Slightly different than the first, right?

My point is that you, the exerciser, should know that a personal trainer is more than just someone who cheers you on, counts your reps, and is there as your friend as you exercise. They should be an intricate part to your health and fitness (just like an accountant or financial advisor is part of your financial well being), bringing a deep level of knowledge to the table, which allows you to feel confident that you’re getting the best value for your investment.  Your health and your body should not be taken lightly and it should be the fitness professional’s sole purpose to ensure that you're getting the best service available. And the proof should be in the results (which we will touch on in part 2).

But can’t I just exercise on my own?

And of course the answer is yes. I know and have trained many people that are self sufficient when it comes to their exercise. But to say this is everyone would be foolish. I outsource a lot of services that I have minimal expertise in like my accountant, plumber, doctor, etc. So why should your exercise and ultimately your health (I’m a big believer in exercise being a great medicine and prevention of disease) be any different? If you want the best option for your goals, then having a professional guide you will be one of the greatest investments you could make. This is especially true if you have a health issue, joint problems, or are just starting out because you could potentially be doing more harm than good if you’re not careful.

Next Steps

So there is a nice general overview of what I and many other colleagues do and the standards we hold. Next week’s Part 2 of this series will go into where you can find various personal trainers and what each may bring to the table. Until then, I challenge you to determine where you’re at with your health and fitness.  All it takes in answering these 3 simple questions:

  1. If you were to look at myself 6 months from now, what would you like to see happen? Why does that matter?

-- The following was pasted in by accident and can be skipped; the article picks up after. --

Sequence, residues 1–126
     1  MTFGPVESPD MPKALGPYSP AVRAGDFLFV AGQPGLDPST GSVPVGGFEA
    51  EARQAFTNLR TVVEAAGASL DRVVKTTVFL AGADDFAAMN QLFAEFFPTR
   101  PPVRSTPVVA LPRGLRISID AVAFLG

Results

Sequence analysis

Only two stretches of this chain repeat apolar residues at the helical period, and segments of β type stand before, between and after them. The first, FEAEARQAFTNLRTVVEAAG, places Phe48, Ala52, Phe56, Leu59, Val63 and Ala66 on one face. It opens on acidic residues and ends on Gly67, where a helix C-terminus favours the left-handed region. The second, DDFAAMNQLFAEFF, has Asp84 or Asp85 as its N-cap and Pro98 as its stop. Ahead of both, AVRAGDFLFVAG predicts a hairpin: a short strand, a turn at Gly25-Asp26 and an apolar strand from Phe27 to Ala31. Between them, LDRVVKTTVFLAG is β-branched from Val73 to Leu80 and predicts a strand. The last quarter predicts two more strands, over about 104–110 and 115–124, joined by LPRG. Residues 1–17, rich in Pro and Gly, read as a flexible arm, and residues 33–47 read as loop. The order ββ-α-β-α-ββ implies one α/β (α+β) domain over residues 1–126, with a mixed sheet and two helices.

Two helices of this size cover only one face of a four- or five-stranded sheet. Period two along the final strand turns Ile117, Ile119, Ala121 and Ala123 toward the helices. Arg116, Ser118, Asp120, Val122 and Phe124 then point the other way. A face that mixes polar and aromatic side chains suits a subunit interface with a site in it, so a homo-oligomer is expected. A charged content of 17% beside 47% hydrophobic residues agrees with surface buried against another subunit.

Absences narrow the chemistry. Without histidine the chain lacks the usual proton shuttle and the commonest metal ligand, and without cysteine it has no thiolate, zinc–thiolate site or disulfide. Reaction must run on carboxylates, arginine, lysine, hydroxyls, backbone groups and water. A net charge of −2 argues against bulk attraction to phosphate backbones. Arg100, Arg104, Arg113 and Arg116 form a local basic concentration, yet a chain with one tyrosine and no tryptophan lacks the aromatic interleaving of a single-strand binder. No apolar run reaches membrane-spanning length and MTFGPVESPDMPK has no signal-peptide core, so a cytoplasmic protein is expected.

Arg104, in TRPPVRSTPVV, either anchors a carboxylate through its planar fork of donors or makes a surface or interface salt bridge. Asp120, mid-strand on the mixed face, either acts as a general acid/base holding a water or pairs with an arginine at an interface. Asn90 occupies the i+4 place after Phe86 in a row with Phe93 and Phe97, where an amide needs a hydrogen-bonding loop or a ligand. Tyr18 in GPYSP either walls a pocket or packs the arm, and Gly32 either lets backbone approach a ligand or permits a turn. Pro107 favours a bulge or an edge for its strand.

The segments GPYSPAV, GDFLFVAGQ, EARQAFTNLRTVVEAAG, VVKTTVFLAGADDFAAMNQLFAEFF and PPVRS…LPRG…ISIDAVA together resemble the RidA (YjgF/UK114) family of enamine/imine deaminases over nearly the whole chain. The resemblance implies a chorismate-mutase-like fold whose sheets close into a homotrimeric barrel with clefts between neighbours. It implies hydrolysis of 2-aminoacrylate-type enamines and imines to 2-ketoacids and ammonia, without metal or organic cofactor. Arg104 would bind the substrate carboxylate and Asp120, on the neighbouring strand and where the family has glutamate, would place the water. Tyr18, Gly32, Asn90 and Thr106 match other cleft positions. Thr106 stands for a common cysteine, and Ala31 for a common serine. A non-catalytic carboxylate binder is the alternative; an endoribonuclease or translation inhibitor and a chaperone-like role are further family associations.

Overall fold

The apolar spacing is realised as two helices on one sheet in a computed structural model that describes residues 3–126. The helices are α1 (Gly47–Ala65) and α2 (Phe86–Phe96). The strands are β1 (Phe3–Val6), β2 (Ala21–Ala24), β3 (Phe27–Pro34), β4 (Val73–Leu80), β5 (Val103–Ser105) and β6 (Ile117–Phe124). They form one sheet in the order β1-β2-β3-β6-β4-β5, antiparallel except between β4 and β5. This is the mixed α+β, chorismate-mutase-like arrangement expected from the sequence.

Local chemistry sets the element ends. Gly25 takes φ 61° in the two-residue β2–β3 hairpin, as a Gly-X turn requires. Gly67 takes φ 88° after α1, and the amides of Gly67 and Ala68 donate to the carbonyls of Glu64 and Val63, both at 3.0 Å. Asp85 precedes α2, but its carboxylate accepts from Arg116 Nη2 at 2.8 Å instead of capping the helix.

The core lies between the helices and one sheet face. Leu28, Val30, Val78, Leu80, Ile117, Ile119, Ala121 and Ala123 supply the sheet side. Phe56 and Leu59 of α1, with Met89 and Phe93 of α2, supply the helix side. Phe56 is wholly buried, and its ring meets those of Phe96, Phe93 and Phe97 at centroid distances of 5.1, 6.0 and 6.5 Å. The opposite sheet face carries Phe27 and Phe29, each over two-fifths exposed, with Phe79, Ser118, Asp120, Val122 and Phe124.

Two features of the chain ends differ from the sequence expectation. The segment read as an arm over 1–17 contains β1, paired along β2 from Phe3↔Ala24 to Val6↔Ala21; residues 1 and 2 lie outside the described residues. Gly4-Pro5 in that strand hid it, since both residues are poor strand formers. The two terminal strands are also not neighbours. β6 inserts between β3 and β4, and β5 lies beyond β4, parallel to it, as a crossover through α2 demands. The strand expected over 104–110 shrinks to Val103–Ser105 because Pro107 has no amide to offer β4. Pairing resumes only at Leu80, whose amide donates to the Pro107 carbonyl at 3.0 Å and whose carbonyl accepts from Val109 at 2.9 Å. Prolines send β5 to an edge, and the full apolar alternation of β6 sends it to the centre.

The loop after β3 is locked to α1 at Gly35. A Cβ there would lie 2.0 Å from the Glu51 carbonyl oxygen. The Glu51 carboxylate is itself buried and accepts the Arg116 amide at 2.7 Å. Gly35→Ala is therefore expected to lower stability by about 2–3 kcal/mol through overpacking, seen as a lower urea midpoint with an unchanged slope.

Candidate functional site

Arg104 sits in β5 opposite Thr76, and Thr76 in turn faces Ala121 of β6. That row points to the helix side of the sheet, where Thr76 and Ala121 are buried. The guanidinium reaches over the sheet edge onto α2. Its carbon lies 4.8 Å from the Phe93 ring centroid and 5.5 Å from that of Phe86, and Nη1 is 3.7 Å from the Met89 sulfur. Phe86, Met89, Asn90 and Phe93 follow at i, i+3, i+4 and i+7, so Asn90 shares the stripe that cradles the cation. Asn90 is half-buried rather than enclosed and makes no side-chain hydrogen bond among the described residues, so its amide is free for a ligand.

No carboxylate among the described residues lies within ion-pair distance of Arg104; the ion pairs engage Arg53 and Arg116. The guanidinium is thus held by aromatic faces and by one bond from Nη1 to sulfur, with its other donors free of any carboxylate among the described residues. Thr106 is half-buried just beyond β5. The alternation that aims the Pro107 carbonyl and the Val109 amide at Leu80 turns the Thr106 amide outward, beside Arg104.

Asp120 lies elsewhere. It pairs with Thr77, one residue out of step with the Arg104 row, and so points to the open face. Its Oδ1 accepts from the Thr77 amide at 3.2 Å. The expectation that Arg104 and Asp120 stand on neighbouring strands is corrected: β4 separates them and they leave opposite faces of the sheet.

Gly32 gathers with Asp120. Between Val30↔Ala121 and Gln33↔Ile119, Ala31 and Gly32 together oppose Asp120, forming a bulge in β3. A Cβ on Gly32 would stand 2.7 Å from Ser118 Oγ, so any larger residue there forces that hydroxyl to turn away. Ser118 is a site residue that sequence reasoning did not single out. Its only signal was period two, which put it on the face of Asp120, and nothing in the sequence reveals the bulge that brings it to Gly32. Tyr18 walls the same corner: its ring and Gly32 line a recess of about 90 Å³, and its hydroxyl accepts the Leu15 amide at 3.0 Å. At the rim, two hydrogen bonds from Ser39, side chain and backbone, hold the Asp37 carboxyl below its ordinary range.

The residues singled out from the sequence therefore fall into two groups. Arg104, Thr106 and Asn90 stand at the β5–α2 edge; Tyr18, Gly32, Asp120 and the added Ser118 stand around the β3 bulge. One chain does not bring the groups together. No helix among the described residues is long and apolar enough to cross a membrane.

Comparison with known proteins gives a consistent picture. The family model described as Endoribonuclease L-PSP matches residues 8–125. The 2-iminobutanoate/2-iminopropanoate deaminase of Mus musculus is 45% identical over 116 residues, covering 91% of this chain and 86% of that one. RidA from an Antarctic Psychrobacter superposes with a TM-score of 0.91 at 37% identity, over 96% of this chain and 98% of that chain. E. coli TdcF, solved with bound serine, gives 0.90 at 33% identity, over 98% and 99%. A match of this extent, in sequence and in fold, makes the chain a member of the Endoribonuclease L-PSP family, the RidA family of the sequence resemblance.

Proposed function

2. What is stopping you from doing that right now?

  3. What kind of assistance would benefit you in achieving those goals?


Send me your 3 answers, I’d love to hear them.  

The first 3 responses will be entered into a raffle for a 4 week trial of online personal training.

This is a great option for many people and new service that I am currently offering.  Here are some of the benefits:

  1. No longer have to go to a gym

    1. Gyms can suck sometimes. I am able to modify and accommodate at home workouts with ease.

  2. Scheduling is a non issue

    1. No time to meet in person? Online training to the rescue.

  3. Stronger accountability and support

    1. My time is freed from commuting and the hustle of in person training, which means more support and focus.

  4. More cost effective

    1. No more gym overhead or travel cost.  Quality training at a fraction of the price.

  5. Can work with the best

    1. I can be anywhere at anytime, which means YOU get the best without worrying about how to get to me.

  6. Loved ones can be taken care of

    1. Too much variance in this industry and not all trainers are created equal.  Now your friends and family can work with quality even if they don’t live close.

And that is just the tip of the iceberg.  I’m excited to be able to offer this new service as I think it will allow my reach to spread.  If you have questions or don’t get what online training is, feel free to contact me at ryan@continuedperformance.com.